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Security of Virtual Machines:
Virtual machines (VM) are rapidly replacing physical machine infrastructures for their abilities to emulate hardware environments, share hardware resources, and utilize a variety of operating systems (OS). VMs provide a better security model than traditional machines by providing an additional layer of hardware abstraction and isolation, effective external monitoring and recording, and on-demand access. However, this new model requires adaptation of existing security methods, which cannot currently keep up with the ease of creating new VMs with a variety of configurations and lifecycles. Attackers have successfully compromised VM infrastructures, allowing them to access other VMs on the same system and even the host. Fortunately, these security concerns are being addressed and users can prevent most intrusions by applying traditional security measures to each VM.

Secure Mobile Ad Hoc Routing:
Mobile Ad Hoc Networks (MANETs) are a promising area of application for emergent computing techniques. The set of applications for MANETs is diverse, ranging from small, static networks that are constrained by power sources, to large-scale, mobile, highly dynamic networks. The design of network protocols for these networks is a complex issue. Regardless of the application, MANETs need efficient distributed algorithms to determine network organization, link scheduling, and routing. Mobile devices in these environments exhibit various levels of processing power, mobility and connectivity, but existing approaches do not consider these characteristics.

Formal Models and Verification of Security Protocols:
Security protocols are vulnerable to attacks even with perfect cryptographic assumptions. The problem of protocol verification is undecidable. Manual verification of protocols is tough and may not bring to light all the flaws. Formal modeling and verification helps to overcome this difficuly and provides a platform for automatic verification. Many formal models have been proposed in the literature.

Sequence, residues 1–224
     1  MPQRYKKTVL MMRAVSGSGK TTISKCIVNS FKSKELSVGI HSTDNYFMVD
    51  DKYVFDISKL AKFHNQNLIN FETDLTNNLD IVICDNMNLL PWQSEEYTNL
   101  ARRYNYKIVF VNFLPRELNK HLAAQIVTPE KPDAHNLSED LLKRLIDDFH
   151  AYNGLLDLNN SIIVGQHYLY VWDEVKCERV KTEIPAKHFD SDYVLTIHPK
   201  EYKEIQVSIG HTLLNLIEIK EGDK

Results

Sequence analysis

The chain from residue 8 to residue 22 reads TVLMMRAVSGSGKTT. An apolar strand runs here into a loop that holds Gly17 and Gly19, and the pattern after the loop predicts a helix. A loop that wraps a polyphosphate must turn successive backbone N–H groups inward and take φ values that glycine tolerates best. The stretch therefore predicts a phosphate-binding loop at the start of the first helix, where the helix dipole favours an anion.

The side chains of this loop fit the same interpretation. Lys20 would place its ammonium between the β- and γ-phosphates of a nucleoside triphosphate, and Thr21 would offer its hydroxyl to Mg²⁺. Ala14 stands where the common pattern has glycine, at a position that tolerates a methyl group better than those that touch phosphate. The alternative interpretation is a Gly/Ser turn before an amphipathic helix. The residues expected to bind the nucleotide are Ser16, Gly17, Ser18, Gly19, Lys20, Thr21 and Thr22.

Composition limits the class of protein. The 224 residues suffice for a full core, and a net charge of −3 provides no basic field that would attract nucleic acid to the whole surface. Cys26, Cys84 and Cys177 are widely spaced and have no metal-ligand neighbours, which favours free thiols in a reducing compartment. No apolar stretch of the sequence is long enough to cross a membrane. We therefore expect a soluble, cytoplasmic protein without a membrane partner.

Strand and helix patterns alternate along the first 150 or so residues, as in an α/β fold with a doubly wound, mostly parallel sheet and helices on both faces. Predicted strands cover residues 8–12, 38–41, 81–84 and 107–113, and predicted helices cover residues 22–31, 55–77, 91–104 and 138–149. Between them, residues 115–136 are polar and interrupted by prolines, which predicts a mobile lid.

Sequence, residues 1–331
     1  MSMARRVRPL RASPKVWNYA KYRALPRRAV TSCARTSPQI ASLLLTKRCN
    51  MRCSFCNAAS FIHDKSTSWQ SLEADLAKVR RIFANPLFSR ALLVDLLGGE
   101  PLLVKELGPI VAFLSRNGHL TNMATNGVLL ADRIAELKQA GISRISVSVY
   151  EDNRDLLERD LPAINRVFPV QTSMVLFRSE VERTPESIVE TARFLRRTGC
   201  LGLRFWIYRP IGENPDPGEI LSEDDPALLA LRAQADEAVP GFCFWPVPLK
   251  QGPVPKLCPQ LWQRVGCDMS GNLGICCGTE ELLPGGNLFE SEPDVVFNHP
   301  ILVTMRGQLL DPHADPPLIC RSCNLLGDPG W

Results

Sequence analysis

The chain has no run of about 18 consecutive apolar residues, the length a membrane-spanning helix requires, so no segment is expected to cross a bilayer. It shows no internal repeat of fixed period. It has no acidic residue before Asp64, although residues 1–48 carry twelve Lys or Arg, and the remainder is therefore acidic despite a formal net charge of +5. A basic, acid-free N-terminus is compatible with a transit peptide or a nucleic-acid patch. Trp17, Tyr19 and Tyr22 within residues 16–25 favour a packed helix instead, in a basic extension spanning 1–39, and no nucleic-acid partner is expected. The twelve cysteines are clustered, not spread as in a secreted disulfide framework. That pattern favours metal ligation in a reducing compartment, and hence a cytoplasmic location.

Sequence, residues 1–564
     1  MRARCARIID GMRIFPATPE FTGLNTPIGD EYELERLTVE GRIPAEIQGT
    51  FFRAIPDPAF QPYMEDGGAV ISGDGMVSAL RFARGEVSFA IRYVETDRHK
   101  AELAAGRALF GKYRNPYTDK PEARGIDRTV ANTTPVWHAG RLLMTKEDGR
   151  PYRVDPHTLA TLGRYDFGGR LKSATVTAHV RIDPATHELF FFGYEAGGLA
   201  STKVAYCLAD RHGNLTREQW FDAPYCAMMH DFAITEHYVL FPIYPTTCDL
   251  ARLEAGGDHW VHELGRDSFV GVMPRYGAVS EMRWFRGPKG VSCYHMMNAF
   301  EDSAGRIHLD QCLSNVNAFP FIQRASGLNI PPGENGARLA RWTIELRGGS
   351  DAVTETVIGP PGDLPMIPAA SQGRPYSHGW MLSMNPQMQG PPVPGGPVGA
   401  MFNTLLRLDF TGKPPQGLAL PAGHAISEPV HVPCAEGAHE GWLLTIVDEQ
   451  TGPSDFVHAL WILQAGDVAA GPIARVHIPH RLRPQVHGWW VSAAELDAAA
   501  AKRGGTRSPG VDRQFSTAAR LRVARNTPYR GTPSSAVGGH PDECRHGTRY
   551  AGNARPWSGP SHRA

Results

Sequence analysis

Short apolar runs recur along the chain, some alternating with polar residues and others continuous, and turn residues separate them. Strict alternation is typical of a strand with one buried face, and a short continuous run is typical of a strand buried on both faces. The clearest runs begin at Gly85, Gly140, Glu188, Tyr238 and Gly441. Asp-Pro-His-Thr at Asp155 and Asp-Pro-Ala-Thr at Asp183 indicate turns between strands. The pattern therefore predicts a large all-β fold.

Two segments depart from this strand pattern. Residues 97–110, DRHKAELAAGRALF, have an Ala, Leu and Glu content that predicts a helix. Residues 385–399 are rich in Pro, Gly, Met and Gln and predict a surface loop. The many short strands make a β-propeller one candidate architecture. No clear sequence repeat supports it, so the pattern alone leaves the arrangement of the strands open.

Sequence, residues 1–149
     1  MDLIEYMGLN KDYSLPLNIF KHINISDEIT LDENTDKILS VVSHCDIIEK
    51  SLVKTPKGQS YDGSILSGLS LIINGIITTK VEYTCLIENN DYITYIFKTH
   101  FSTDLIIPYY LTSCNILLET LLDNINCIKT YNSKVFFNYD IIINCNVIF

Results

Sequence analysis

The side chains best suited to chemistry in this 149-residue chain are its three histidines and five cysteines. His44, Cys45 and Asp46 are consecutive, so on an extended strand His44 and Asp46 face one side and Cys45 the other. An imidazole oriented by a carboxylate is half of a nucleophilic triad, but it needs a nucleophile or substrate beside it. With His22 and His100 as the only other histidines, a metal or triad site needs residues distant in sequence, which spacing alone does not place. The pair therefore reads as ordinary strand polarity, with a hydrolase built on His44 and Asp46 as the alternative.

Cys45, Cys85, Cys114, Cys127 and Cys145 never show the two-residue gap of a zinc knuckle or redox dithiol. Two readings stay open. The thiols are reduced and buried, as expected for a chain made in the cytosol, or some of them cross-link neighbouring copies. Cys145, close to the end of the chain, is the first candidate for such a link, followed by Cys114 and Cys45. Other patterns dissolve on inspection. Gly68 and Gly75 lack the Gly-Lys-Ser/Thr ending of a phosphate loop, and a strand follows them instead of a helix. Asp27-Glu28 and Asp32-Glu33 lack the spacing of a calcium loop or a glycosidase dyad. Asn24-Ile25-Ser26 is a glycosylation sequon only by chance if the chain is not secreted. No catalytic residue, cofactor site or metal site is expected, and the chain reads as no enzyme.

Program Analysis and Code Optimization:
Compilers is an area with lot of on-going research. Code optimization is an important phase of a compiler. Overall aim of this phase is to reduce the time taken or space taken or both subjected to various constraints. At the compiler level, relatively low-level semantic transformations are the possible one; but, they find lot of use in eliminating many of the inefficiencies introduced as part of translation of a program from high level form to the low level machine code form.

Image Segmentation:
Image segmentation is a process which identifies distinct regions that are meaningful which in turn find a solution to an application level task. It is widely accepted by experts on this field that there is no single segmentation algorithm that can solve any segmentation problem in any image under any illumination condition. Many researchers have studied and contributed much effort on this subject. However the problem of segmentation still remains a great challenge for image analysis and computer vision communities and many of the computational issues of segmentation remain unsolved.

Medical Imaging:
Analysis of medical images is essential in modern medicine. With the ever increasing amount of patient data, new challenges and opportunities arise for different phases of the clinical routine, such as diagnosis, treatment and monitoring. Early diagnosis provides the opportunity to deliver medical interventions to either prevent the development of the disease or prevent the progression of the condition and emergence of symptoms.
Disorders, such as cancers and Alzheimer’s disease, are major contributors to increased health expenditure and are well suited to diagnosis through imaging. Earlier detection of such diseases is expected to realise significant economic and social benefits. In particular, medical imaging can provide the quantitative tools to help industry develop cheaper and more efficient screening tests.